After several seasons of fighting legions of weeds in this humid climate I have finally come to my senses and begun installing raised beds! Trying to grow food in this weed infested place is insanity without using RoundUp.
And you know how I feel about Monsanto.
So the logical and more safe solution for us is raised beds. Bob has been helping me in the garden every Sunday for weeks now. He has rototilled, and scorched baby weeds with the Red Dragon.
Please click the photo above to be taken directly to the Red Dragon site.
This is NOT a paid endorsement! We have had our RD weed burner for many years and just love how well it works. Unfortunately, we can’t use it in and amongst the veggies… Hence the new garden plan.
So, here is the layout.
Notations in blue show changes and planned additions. We have the center and right side construction completed and half planted. NOTE: The rotation plan I am utilizing is to help with insect and disease control. You can see the plan HERE
Want more? Here is the Garden Organic website: http://www.gardenorganic.org.uk/index.php
There is still so much more to be done here. I have to add more soil, and lay down the wood mulch around the beds.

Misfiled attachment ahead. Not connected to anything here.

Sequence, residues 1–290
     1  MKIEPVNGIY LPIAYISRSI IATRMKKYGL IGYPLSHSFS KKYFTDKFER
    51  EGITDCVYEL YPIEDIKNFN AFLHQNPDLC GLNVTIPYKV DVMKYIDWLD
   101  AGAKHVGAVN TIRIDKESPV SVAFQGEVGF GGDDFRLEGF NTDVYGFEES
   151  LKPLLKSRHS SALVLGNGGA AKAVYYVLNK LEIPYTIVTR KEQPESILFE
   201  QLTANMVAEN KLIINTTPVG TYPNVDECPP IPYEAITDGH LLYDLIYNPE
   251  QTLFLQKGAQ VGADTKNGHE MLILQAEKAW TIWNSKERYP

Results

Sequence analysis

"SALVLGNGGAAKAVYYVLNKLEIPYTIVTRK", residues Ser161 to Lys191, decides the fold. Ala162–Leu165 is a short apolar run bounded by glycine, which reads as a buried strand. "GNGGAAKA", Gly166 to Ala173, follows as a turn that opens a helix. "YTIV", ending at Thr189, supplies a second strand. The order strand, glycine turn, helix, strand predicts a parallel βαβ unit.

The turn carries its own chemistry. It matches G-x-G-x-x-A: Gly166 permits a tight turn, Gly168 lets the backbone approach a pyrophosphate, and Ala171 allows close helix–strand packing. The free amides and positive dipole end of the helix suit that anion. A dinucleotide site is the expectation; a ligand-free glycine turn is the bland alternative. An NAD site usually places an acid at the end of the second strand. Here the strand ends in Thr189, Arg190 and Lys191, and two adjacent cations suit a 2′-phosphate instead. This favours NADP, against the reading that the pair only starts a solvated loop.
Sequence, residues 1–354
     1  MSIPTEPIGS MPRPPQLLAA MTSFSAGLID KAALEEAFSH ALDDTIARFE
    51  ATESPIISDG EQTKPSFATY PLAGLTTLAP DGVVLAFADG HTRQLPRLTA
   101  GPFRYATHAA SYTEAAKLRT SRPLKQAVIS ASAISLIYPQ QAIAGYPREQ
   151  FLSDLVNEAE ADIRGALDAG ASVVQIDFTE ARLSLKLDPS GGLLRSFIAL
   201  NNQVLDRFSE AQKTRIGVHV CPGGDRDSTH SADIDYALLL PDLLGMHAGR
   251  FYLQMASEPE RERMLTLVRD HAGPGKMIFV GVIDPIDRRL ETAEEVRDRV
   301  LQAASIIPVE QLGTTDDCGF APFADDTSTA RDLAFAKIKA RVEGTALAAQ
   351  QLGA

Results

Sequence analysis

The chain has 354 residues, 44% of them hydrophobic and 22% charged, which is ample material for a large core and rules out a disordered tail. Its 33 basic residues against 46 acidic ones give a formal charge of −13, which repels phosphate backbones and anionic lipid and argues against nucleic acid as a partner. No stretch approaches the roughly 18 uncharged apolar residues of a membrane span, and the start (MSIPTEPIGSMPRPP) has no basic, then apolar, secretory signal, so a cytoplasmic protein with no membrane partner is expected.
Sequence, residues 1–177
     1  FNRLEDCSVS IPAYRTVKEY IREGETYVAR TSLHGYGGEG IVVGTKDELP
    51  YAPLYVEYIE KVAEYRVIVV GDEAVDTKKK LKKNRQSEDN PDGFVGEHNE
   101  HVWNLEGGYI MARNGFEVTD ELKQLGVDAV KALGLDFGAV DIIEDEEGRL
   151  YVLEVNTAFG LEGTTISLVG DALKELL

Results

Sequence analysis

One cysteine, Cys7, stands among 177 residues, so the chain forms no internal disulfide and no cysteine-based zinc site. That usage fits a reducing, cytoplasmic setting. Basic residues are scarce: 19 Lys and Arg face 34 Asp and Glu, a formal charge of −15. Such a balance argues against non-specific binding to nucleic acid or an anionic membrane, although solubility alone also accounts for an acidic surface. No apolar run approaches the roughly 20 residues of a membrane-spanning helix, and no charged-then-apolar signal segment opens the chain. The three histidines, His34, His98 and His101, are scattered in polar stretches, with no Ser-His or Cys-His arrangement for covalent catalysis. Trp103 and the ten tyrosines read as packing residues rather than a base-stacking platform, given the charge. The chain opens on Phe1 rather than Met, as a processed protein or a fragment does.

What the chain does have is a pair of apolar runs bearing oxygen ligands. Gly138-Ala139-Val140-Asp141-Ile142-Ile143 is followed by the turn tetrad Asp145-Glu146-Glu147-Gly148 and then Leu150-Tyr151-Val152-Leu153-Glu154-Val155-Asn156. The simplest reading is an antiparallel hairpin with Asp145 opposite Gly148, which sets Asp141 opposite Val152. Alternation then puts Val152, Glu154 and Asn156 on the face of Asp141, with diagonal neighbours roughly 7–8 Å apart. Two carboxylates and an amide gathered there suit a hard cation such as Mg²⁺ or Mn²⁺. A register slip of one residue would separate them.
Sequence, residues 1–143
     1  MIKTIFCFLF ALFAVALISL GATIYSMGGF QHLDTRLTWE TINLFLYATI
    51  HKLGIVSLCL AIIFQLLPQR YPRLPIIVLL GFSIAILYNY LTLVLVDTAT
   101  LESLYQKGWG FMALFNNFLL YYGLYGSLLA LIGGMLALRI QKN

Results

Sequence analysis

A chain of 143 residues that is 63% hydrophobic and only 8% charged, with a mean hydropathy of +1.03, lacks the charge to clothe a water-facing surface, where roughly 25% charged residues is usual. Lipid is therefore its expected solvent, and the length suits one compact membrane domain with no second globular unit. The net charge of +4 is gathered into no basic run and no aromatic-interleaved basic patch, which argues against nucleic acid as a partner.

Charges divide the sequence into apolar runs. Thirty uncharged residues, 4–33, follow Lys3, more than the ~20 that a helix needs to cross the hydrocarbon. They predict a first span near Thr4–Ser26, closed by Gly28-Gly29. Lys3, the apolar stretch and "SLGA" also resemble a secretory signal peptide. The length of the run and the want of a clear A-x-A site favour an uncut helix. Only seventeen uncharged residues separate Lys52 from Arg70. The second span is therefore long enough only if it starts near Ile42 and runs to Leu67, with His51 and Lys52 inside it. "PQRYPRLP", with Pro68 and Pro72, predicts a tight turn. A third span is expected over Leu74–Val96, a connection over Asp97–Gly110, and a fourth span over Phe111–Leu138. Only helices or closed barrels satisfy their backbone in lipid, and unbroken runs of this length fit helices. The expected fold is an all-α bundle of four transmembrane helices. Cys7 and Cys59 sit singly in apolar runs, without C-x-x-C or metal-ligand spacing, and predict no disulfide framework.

The strawberries have been moved and replanted, and the asparagus arrives with the new orchard trees next month!
What plans do you have for your garden(s)? What strategies do you use to help you with chores and upkeep?
PLEASE DON’T BE SHY!
SHARE WITH US!
- Monsanto Allowed to Put Genetically Modified Food on Your Plate (blogs.lawyers.com)
- Raised Beds Advantage. (florafocus.wordpress.com)
- Be your own cheap labor: Turn your lawn into a garden (bangordailynews.com)
32 thoughts on “The Blue Plate Special”
Uh-OH, I promised to tell where all the plates came from… well, let’s just say that there is not a blue plate left in the thrift stores from Meridianville, AL to Fayetteville, TN! AND, they all cost me less that $20.00 total. 😉